As a webmaster, you have to make sure that your websites are loading as fast as possible, without sacrificing functionality. While it may be cool to have ten 500 Kilobyte images on your homepage, it may in turn lead to visitors leaving the site before it is completely loaded in their browsers.
Lower page loading times have positive effects on both the web server and visitors, among them improved bounce rates, page views and an increase in returning visitors.
Various online and offline tools are available for webmasters to test the performance of their websites. Two of the most popular ones are YSlow by Yahoo and Page Speed by Google. GTmetrix is a service that runs both performance tests at the same time.
To run the test visit the GTmetrix website and enter an url into the form on the main page. You can run the test as a guest.
It usually takes less than a minute to complete the analysis of the website. Results are then displayed as a summary and in detail.
You find both the Page Speed and YSlow grade at the top, and a breakdown separated in tabs.
The summary gives a quick overview of the overall performance as analysed by the two web reporting tools, the page loading time, page size and total number of requests.
The breakdown lists the various recommendations and grades in detail, with the least optimized items listed at the top.
A click on an individual recommendation displays additional information, for instance which CSS files are not minimized, or which objects are not making use of effective browser caching.
It is usually best to start optimizing items that are listed near the top with a priority rating of high. It is not always possible to do that though. It is for instance not possible to add expires headers for components that are not hosted on the web server the site is running on. One interesting option offered by GTmetrix is the ability to compare different websites with each other.
Websites and their scores are displayed next to each other on the comparison report page. You can compare the summaries and breakdown of individual items easily. That's handy if you want to compare the performance of several websites that you own, or your own website with a fast or slow loading websites in your niche.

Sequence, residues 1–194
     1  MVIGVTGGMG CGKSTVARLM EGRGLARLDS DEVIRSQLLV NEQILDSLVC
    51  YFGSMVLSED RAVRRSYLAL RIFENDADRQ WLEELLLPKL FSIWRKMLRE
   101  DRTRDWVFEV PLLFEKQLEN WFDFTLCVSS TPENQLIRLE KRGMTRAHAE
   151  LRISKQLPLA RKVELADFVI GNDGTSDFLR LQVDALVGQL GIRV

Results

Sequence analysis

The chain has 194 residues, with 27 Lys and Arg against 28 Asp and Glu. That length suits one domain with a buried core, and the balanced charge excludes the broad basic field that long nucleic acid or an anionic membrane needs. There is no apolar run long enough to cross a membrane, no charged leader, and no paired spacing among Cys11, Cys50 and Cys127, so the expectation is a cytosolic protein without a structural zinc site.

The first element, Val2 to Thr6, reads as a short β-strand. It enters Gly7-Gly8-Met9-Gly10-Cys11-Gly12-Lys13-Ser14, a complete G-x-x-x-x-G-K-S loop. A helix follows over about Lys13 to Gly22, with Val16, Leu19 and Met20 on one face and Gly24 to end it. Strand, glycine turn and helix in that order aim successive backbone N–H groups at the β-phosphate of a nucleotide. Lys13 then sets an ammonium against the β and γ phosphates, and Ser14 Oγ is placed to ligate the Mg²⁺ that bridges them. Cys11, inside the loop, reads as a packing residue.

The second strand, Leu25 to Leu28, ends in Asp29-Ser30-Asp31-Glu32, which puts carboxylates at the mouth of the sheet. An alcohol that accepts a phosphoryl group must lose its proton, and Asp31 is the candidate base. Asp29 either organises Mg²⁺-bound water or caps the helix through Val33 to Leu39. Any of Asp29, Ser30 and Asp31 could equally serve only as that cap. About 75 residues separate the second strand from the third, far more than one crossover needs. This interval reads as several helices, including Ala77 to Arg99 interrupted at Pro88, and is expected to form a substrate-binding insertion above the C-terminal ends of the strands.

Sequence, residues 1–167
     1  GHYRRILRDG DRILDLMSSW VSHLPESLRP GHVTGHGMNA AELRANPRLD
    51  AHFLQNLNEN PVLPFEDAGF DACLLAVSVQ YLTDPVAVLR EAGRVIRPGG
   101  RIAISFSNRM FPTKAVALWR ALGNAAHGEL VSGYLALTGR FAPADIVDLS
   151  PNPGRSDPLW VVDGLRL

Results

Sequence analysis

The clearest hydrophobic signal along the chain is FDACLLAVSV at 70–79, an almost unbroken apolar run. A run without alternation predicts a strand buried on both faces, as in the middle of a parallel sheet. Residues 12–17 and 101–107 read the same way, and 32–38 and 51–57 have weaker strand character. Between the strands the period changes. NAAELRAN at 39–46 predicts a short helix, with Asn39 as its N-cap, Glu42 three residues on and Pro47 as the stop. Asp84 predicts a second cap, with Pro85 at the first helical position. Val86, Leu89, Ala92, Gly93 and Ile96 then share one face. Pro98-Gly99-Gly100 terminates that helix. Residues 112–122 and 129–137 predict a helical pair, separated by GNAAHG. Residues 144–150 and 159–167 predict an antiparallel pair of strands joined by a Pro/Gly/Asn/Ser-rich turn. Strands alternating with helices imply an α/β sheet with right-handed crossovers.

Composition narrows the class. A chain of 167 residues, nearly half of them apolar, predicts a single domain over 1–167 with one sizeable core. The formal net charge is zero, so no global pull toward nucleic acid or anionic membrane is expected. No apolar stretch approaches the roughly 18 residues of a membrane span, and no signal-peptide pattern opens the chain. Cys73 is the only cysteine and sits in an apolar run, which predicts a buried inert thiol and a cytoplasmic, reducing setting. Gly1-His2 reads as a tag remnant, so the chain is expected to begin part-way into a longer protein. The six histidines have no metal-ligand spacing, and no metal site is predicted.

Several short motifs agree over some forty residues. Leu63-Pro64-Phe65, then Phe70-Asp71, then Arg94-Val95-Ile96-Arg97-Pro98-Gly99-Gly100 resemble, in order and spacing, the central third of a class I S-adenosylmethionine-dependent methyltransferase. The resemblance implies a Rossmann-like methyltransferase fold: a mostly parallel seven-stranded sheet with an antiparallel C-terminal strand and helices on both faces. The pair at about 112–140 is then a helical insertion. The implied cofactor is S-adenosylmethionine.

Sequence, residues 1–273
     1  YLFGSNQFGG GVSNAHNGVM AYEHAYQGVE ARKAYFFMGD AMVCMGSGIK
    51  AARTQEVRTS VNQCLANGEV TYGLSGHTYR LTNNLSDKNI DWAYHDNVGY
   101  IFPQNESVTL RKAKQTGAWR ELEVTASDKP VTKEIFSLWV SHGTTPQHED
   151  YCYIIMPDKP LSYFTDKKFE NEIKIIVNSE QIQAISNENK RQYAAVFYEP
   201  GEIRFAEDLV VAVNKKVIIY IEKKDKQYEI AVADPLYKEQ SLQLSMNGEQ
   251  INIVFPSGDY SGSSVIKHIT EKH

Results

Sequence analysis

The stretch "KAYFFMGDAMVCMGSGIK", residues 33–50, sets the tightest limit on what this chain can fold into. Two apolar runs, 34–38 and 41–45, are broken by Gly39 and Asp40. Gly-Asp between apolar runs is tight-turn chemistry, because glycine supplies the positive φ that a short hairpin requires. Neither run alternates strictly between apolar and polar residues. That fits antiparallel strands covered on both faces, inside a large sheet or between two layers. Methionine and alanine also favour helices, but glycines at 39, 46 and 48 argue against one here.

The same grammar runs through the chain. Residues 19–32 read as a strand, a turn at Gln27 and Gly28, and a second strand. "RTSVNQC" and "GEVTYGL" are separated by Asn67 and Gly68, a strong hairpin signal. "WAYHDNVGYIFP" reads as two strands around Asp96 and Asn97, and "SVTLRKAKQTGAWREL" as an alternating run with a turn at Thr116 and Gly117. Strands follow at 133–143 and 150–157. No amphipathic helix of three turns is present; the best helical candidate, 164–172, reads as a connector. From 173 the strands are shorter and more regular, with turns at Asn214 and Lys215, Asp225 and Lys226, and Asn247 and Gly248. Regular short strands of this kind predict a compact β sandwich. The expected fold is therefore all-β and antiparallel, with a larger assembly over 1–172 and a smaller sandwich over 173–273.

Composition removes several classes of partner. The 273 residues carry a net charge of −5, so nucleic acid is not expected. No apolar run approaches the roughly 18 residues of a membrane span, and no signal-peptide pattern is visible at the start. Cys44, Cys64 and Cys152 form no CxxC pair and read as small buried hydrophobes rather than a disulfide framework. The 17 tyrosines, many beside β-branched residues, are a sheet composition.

It can happen that you run into a recommendation that you do not know anything about, like specifying a cache validator or combining images using CSS sprites. The site offers recommendations, very similar to those that Google and Yahoo offer on their pages. It is a good start to find how how "things" are optimized.
I usually run the performance report for a site, fix one issue that is high on the priority list, double-check that the website loads as intended, before I re-test the page to get the new performance rating.
A web performance report can only help you that much. It hints at areas of your website that could be improved to reduce page loading times for visitors, and reduce the load on the web server at the same time. It is still up to the webmaster to optimize the site, for instance by installing caching plugins, optimizing images, objects on page or by switching web hosts.
Have you recently run website optimizations? Which tools have you used for that?Advertisement
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Ghacks is a technology news blog that was founded in 2005 by Martin Brinkmann. It has since then become one of the most popular tech news sites on the Internet with five authors and regular contributions from freelance writers.